was of the same generation as Kurt Atterberg. Indeed the two were
friends. He was largely self taught and lacked nothing in confidence
- a quality that brought him into controversy with the musical
establishment of which ultimately he was to form part. He shared
a combative nature with Atterberg and Rangström.
('Dream-Obsessed') is inspired by the poem of the same
name by Nikolaus Lenau. It relates to the German expressionist
school crossed with Rachmaninov whose Isle of the Dead is
echoed in its pages. The Basque Andrés Isasi was studying
in Berlin with Humperdinck during the 1910s and wrote the Berceuse
Tragica and Die Sünde in much the same language.
Pezzo Sinfonico was written as a bet between Atterberg
and Berg to produce the antithesis of the gloomy Scandinavian
symphony. Atterberg produced his Fourth Symphony (Piccola)
while Berg wrote the four movement Pezzo. This is undemanding,
highly skilled and entertaining music skirting around Ketèlbeyan
the year of The Song of Songs was also the year
of Bantock's voluptuous work on the same subject. Bantock's magnum
opus also sets Biblical texts but across 150 minutes rather than
Berg's almost forty minutes. Berg's 'tapestry' is in eight episodes.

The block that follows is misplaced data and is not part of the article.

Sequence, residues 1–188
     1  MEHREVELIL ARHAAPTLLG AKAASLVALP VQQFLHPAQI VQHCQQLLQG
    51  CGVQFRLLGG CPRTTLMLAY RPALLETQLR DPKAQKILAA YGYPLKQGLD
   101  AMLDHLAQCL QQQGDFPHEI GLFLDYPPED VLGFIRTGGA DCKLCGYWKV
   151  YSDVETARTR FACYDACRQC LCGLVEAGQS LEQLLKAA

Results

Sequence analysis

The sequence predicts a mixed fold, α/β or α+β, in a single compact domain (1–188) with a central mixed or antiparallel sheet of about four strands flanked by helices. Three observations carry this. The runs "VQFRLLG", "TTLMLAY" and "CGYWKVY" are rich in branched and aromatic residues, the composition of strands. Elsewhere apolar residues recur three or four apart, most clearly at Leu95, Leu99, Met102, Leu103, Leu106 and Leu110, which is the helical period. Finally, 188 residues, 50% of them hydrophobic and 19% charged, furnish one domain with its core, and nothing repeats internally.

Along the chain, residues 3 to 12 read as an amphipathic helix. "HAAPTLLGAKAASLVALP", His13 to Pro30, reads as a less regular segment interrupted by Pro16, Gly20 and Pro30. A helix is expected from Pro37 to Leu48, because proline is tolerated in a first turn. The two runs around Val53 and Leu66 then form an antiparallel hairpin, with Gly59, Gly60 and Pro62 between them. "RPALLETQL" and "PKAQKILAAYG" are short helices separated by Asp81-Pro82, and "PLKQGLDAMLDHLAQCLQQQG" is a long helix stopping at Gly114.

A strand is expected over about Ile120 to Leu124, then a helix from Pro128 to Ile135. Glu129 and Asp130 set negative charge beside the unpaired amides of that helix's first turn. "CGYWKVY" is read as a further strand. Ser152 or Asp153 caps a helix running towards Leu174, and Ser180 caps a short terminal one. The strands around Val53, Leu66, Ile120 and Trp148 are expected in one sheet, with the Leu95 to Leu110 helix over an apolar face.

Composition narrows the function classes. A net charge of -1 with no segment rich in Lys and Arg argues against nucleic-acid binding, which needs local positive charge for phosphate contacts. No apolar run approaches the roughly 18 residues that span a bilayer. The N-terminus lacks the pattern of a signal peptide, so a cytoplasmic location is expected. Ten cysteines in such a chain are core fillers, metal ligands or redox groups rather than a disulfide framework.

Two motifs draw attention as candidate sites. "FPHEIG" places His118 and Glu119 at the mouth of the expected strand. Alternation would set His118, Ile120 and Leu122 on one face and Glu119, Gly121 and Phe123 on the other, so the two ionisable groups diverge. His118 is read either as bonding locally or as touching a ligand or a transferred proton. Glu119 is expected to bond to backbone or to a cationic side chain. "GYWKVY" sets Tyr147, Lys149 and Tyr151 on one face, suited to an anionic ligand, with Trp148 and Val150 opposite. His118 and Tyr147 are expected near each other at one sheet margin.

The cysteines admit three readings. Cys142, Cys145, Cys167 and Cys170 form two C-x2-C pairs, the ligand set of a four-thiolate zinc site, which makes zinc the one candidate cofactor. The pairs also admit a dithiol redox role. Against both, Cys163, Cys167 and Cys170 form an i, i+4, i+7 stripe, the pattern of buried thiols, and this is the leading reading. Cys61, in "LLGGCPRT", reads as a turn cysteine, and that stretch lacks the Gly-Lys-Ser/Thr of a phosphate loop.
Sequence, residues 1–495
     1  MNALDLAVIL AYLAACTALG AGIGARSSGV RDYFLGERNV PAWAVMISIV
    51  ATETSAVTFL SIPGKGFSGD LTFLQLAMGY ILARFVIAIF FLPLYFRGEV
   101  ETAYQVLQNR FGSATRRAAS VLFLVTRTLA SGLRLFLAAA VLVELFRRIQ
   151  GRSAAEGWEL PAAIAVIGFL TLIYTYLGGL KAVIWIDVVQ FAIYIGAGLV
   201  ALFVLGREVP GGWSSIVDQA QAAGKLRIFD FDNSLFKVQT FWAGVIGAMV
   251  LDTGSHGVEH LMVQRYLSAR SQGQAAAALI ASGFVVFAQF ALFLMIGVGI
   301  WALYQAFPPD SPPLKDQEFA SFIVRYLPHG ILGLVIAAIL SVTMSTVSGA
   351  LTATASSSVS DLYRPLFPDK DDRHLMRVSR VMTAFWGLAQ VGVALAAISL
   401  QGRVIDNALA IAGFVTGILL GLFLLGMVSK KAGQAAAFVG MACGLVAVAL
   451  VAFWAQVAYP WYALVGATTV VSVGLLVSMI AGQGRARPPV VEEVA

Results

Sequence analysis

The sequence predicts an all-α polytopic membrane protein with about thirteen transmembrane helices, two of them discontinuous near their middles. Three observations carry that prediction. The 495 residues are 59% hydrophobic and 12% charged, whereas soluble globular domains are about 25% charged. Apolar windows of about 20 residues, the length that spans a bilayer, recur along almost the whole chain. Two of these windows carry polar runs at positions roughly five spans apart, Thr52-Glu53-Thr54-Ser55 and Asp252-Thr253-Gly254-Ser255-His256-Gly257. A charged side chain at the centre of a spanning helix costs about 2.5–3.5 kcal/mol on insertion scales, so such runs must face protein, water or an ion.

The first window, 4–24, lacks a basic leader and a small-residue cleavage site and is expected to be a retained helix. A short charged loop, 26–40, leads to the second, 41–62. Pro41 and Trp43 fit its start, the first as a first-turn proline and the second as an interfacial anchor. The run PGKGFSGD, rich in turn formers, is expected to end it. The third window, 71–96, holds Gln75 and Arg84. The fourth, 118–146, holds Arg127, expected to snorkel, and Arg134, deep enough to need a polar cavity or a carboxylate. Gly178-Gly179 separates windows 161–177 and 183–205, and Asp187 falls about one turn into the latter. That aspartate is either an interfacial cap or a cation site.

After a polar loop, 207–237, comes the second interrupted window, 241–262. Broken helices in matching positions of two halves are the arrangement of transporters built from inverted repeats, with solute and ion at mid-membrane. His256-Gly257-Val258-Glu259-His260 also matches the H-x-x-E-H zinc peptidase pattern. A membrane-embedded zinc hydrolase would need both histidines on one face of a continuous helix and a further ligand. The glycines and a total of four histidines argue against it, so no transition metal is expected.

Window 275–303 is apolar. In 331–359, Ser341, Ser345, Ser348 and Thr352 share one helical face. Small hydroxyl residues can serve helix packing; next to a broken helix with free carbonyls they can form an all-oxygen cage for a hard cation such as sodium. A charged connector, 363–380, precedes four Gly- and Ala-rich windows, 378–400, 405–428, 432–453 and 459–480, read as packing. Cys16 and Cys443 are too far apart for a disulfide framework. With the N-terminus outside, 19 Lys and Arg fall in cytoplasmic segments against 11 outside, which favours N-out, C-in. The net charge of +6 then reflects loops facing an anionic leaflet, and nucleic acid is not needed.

He marshals his resources economically. For the most part these
are settings for two voices and orchestra. Unlike the Traumgewalten
Berg seems content to work within the silky bonds of tonality,
at this stage in his career avoiding even the gentlest dissonance.
Certainly he is no Straussian disciple something that cannot be
said of Bantock. The choral and vocal writing is done with utmost
delicacy, almost simplicity, nothing of the complexity of Zemlinsky's
Lyrische Symphonie here nor of Mahler's Das Lied von
der Erde. While neither soloist is denied operatic high spots
(listen to the heroic ring of Zachariassen's voice in tr. 9) the
character of much of the writing avoids the torrid instead exploring
a lower key pastoral simplicity. It is very rarely protesting
or tawdrily dramatic. The eight sections are predominantly folksy
with a pristine lack of sophistication. Karin Ingebäck makes
the links with Brahms' volkslieder (tr.10 5.03). There are also
echoes of Nielsen's Springtime in Fyn and Pfitzner's Von
Deutsche Seele. Notable episodes include, in track 8, sturdy
unison choral singing recalling the treatment of 'Say heart what
will future bring' from John Ireland's These Things Shall Be.
At 3.10 in tr. 8 we hear the characteristic descending Rosenkavalier
chime. Then there is the satiated-tired trudge at 7.20 on tr.6
pre-echoing Nystroem's Sinfonia Del Mare and the contemporary
Delius Requiem. This resigned gait returns with splendid
and all too brief emphasis at the very end of the work.
three works were smoothly recorded in the ample acoustic of the
Berwaldhallen. The booklet is useful though the separation by
ten pages of the English translation of Höga Visan from
the sung original Swedish was a mistake. The only one in this